Tuesday, April 30, 2013


MANILA, April 30, 2013-We all seek to preserve, not destroy life, by making it less difficult for the poor, our women, and their children to access health services. 

This was the statement of reelectionist Sen. Loren Legarda as she thanked the Purple Ribbon for RH for endorsing her candidacy along with selected senatorial candidates.

“Experience has shown that we cannot always agree on every issue.  That is part of a thriving democracy.  I am certain, however, that as Filipinos, we all share the desire to make democracy work in favor of those who have lesser in life,” Legarda said.

She said she remains committed to the cause of women’s rights, including freedom from violence, quality healthcare, education, and access to jobs.  “I look forward to continue working with you on these issues,” she added.

Legarda is credited with passing laws to protect the rights of women and promote their welfare such as the Anti-Violence Against Women and Children Act, the Magna Carta of Women, and the Expanded Anti-Trafficking in Persons Act.

Purple Ribbon for RH is made up of supporters of the RH law, including NGOs, civil groups, business groups, former government officials, private institutions, youth, writers, artists, and celebrities.

Wage boards must grant daily wage petitions—Jinggoy

MANILA, April 30, 2013-Senate President Pro Tempore Jinggoy Ejercito Estrada strongly urged regional wage boards to immediately review and eventually grant the salary petitions of workers as prices of basic goods and services have already risen since the last wage hike was implemented last year.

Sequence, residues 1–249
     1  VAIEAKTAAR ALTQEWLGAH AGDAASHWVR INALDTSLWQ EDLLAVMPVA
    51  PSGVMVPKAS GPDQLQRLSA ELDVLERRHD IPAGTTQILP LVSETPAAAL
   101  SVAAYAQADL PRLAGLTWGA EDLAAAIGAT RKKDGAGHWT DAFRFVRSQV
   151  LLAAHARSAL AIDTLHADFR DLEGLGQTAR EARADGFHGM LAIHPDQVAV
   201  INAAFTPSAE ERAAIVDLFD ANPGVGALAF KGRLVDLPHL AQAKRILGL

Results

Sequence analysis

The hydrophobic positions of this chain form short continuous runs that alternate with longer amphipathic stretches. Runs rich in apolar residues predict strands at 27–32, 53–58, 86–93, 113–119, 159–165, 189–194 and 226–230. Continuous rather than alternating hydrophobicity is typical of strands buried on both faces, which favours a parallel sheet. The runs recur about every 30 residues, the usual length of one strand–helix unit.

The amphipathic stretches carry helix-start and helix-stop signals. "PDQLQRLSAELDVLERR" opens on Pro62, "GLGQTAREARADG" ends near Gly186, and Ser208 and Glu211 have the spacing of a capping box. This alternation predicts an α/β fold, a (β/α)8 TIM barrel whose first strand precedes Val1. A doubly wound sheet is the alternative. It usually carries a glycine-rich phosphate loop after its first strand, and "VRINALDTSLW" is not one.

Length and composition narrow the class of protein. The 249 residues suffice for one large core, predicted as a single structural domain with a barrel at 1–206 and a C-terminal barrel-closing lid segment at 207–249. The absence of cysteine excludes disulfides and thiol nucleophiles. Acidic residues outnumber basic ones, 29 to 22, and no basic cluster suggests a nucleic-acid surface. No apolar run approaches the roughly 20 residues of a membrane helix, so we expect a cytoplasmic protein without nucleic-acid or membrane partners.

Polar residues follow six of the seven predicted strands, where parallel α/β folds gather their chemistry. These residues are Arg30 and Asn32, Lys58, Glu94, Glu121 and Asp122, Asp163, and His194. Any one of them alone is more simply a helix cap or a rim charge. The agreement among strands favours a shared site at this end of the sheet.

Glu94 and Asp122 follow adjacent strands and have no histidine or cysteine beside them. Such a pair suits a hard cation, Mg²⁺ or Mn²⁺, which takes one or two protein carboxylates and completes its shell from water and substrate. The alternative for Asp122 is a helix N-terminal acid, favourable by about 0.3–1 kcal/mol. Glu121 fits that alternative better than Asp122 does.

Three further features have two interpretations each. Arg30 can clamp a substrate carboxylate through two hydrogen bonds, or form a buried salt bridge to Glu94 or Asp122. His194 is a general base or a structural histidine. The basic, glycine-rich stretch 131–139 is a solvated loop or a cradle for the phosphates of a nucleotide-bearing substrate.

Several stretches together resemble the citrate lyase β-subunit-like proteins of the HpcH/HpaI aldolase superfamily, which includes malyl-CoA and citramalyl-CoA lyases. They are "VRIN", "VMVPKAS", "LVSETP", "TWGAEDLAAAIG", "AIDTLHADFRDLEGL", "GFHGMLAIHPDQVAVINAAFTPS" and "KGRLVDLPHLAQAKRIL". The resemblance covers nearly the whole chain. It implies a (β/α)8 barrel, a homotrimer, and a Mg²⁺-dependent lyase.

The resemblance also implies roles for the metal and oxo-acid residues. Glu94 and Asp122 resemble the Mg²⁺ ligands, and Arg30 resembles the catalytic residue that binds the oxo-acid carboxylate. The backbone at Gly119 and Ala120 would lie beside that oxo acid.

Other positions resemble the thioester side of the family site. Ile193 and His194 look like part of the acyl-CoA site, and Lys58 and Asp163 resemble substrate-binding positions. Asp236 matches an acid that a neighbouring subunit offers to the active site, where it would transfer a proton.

Sen. Estrada notes that no petition for wage increase may be entertained within the 12-month period from the effectivity of the wage order. In the case for the National Capital Region (NCR), a wage order was issued last June 3, 2012.
Estrada, nonetheless, argues that the wage boards are not prohibited from reviewing the need and validation to increase wages before the prescribed period so as to immediately ameliorate compensation upon lapse of the same.
Estrada, who is chairman of the Senate Committee on Labor, Employment and Human Resource Development, noted that the current P456 minimum daily wage is no longer enough for a worker to pay the increasing power and water rates as well as health, transport, and education costs.
He said a salary adjustment would send a strong message to the world that our economic gains are starting to trickle down. “This would be one of the brightest spots in our economy—that our daily wage earners can keep pace with the rising cost of living,” Estrada said.
The senator earlier batted for a P125 across-the-board daily wage increase for all workers. He said his proposal addresses the plight of the working class by bringing them closer to the State's assurance of a decent wage.
In filing the bill, Estrada said “the labor sector has often criticized the Regional Boards for their delayed reaction to the conditions of their respective regions, and their slow action on petitions for minimum wage increase, so much so that the labor sector is now demanding that Congress reverts back to the old system of legislated wage increases.”
The senator also recommended that the Department of Labor and Employment (DOLE) inspect the payroll and other financial records kept by a company or business to determine whether the workers are paid the prescribed across-the-board wage increase and other benefits granted by law.


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